I’m sure literally everyone has seen this happen in a relationship in their lives. Where a person does, in fact, love their partner and want them to be happy. Doesn’t want to make decisions or do anything to hurt them. And yet, is unhappy in the relationship. Can’t be happy staying. They might even express that inner conflict through something like “I wish my partner would just cheat on me so I had a justified reason to leave.” Right? (And fascinating that we would want someone to hurt or betray us, specifically to get out of the discomfort of holding two opposing feelings inside at the same time.) Because we don’t tell stories about how it’s okay to feel both “I love this person and don’t want to hurt them” and “I have to leave and know it will hurt them” at the same time. And both can be true. And that’s totally normal. 

(That’s not my personal issue, by the way. I’ve turned leaving relationships that make me unhappy into a goddamn art form. And I love all my exes. Have I mentioned them recently? Fabulous dudes.)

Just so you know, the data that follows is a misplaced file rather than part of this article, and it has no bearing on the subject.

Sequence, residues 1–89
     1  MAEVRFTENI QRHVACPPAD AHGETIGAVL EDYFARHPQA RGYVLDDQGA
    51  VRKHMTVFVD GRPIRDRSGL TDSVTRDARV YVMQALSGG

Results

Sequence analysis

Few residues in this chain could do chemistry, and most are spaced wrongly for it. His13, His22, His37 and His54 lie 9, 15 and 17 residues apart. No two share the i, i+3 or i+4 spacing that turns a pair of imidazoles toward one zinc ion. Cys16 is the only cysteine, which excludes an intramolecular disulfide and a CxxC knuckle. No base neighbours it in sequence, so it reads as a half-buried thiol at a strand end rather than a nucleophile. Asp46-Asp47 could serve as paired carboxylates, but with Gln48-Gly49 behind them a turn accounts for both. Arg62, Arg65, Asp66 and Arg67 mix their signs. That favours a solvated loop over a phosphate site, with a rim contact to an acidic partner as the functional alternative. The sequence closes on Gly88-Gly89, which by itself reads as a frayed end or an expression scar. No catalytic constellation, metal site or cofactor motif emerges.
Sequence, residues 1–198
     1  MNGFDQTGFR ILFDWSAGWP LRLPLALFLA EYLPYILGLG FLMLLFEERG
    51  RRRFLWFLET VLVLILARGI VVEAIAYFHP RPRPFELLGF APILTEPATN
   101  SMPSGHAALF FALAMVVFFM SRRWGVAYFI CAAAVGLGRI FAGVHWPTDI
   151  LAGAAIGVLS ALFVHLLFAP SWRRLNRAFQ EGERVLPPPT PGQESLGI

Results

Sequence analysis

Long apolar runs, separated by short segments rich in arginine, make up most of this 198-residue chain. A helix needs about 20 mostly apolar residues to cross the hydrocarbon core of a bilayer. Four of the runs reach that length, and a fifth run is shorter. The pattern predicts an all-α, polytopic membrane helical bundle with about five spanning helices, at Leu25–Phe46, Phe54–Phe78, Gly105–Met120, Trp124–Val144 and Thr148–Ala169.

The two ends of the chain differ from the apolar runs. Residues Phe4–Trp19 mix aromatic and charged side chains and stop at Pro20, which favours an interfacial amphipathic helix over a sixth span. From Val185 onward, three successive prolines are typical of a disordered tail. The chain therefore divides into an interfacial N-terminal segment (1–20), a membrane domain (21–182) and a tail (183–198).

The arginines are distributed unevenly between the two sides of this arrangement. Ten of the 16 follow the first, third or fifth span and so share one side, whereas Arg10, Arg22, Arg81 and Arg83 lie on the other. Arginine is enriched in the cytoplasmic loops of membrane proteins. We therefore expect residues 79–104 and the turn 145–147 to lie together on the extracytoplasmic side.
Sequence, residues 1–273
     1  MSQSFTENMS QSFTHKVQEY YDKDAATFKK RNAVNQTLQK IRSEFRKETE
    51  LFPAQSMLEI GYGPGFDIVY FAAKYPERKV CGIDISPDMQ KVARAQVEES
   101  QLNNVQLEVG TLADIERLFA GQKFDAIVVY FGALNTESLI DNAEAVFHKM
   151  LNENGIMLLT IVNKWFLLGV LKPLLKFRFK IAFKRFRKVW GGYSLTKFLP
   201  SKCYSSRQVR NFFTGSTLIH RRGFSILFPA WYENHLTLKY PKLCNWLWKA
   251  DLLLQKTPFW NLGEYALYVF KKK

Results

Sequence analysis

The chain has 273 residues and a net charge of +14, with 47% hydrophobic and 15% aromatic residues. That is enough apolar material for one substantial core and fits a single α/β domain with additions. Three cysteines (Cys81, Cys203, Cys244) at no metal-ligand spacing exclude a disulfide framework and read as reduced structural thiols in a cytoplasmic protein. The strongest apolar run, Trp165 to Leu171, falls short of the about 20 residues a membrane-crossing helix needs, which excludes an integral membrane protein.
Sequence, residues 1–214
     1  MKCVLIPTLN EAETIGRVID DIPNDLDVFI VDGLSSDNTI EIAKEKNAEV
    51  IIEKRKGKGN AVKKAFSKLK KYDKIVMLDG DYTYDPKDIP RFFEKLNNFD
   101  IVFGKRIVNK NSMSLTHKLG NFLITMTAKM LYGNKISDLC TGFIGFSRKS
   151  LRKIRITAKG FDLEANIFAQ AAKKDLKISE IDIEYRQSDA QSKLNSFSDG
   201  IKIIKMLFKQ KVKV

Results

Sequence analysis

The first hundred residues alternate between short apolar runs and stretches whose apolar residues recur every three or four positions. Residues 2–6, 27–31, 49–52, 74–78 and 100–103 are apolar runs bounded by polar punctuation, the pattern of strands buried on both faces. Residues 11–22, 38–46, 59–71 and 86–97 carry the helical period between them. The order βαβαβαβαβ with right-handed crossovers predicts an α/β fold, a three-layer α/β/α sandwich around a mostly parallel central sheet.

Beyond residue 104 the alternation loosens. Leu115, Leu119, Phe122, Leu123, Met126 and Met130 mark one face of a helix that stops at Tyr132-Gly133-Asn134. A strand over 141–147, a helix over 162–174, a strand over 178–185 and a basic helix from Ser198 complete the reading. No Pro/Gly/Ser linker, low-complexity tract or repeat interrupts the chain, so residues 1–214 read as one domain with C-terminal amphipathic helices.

I, personally, have a lot of irritation right now at people being “performative” on the internet. Lots and lots of posts and stories about the cause du jour for about a week, and then it’s back to their regularly scheduled programming. At the exact same time, I am irritated by people constantly posting about the cause du jour because just show me your cat pictures, damnit. I am not here to take on the emotional weight of society today, I just want to read about people’s travel adventures and/or house projects for a minute without all the shit. 

And I am doing the exact thing that irritates me right fucking now. I’m writing this post, so I can feel like I’ve publicly acknowledged These Strange Times, and then can then go back to writing stories about drinking beer and building shit, where I can make flippant remarks about covid and quarantine without feeling bad about it. 

That’s the balancing act. Holding two opposing feelings inside of me, and navigating how my actions (and the stories I tell) align with those feelings. It’s uncomfortable. I am 100% going to fuck it up at times. And there probably won’t be any consequences when I do, because all of you who are here reading my stories will give me the benefit of the doubt. Or don’t care if I acknowledge These Strange Times, because you’re here for the cat pictures anyway. 


(The Tiny Angry Badgers have turned into The Very Best Farm Cats, by the way. It’s definitely a story.)